Meeting I

(Study pages I - 29) The Food Problem.

Food materials' and their Adulteration, by Ellen H. Richards.

Chapter I. ($1.00, postage 10c.) Cost of Food, by Ellen H. Richards. Pages 1-7. ($1.00, postage 1 2C.) Sanitary and Economic Cooking, by Mary Hinman Abel.

Pages 1 - 5. (40c, postage 10c.) Cost of Food.

Cost of Food, by Ellen H. Richards.

Chapters XI-XIV. Bulletin No. 129 (Office of the Experiment Stations), Dietary Studies in Boston, Springfield, Philadelphia, and Chicago.

Price 10c. (coin), of the. Supt. of Documents, Washington, D. C. Sanitary and Economic Cooking - Some Cheap Dishes.

Pages 25-33. Ru,mford Kitchen Leaflets - Good food for little Money, by Ellen H. Richards. (S1. 00, postage 10c.) Principles of Nutrition and the Nutritive Value of Food.

Farmers' Bulletin No. 142.

(Free of Dept. of Agriculture, Washington, D. C.) Topic: Food in Relation to National Character.

Meeting II

(Study pages 30-49.) Food and the Body.

Principles Of Nutrition And Nutritive Value Of Food

Farmers' Bulletin No. 142. Food and Dietetics, by Hutchison. Chapter I. ($3.00, postage 30c).

Food Principles

Make experiments on proteids described on pages 41 and 42.

Clean and grate a small potato under slowly running water, pour through muslin to collect fibers, let starch settle.

Exhibit: Make up an exhibit showing quantities of food having the same fuel and energy value - say 800 calories, which is a little over one-third the daily requirement for a woman at moderate work according to dietary standards. Show bread, meat, butter, milk, eggs, sugar, potatoes, apples, etc., and label each food with the weight in ounces and cost.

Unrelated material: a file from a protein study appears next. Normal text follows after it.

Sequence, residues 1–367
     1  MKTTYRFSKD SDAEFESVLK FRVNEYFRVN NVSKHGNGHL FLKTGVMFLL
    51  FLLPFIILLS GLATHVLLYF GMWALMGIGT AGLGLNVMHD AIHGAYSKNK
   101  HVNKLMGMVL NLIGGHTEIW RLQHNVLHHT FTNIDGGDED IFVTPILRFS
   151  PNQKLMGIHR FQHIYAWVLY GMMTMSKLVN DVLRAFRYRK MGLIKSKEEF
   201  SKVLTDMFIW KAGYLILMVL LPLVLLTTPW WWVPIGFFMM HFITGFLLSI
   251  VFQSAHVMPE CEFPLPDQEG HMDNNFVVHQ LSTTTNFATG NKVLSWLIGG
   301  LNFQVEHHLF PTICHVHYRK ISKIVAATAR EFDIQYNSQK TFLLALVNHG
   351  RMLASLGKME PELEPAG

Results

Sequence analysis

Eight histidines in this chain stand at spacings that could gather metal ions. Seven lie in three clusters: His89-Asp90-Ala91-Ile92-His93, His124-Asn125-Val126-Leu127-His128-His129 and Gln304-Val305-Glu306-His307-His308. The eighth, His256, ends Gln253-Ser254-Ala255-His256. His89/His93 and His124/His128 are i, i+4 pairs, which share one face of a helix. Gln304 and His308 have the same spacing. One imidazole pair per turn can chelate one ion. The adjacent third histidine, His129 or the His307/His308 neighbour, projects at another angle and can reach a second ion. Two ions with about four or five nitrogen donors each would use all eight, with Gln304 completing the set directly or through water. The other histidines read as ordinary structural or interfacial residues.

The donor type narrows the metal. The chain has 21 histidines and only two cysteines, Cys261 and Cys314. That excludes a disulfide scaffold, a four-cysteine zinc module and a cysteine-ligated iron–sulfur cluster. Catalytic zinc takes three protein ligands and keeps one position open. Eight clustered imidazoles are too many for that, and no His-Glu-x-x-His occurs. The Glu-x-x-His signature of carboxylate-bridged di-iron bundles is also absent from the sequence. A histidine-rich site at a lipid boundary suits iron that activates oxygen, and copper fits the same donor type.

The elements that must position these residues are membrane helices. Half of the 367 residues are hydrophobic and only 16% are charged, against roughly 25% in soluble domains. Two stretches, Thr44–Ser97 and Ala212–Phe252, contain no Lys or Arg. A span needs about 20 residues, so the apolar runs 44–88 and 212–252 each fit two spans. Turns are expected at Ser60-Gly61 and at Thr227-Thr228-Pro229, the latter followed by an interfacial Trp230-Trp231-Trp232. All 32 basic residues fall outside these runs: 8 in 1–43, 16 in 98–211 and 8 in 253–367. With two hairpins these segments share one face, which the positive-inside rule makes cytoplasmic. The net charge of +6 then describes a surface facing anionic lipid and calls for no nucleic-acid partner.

Bread furnishes about 1650 calories per pound; to furnish 800 calories would require 800 divided by 1650; which multiplied by 16, equals 7.75 oz. - about half a loaf. Milk furnishes 325 calories per pound. 800 divided by 325 and multiplied by 16 equals about 40 oz., or a quart and half a pint, and so on.

Exhibit: Make an exhibit of foods containing 1.126 oz., of proteid, - one-third the daily ration for a woman - labeling each with the weight and cost.

Meeting III

(Study pages 50-61)

Dietary Standards

Food and Dietetics, by Hutchison. Chapters II and III. ($3.00, postage 26c).

Dietary Computer, by Ellen H. Richards. ($1.50, postage 12c).

Bulletin No. 28, American Food Materials. Price 5 cents (coin), of the Supt. of Documents, Washington, D. C.

Physiological Economy in Nutrition, by Chittenden. Introduction, Chapters IV, V, and Conclusion. ($3.00, postage 20c).

Article in Century Magazine, February, 1905, by Chittenden.

Protein Metabolism in Relation to Dietary Standards, by Folin. See Supplement, pages 196-215. See " Notes on the Questions," pages 191-195.

Send to the Battle Creek Sanitarium, Battle Creek, Mich., for some of their menus giving fuel value of food served.

See articles in Good Housekeeping, - August, 1906, "Fletch-erism as Household Economy," and October, 1906, " Sense and Science in Dietetics," by Dr. Stedman.

Exhibit: Make up exhibits showing a standard day's ration for a woman with light exercise - 80 grams (about 3 oz.) of proteid - with sufficient fats and carbohydrates to bring the total fuel value up to 2300 calories. See Bulletin No. 28, American Food Materials, for composition of any foods not given in the lesson books.

(Select answers to Test Questions on Part I and send them to the School and report on exhibits and supplemental work).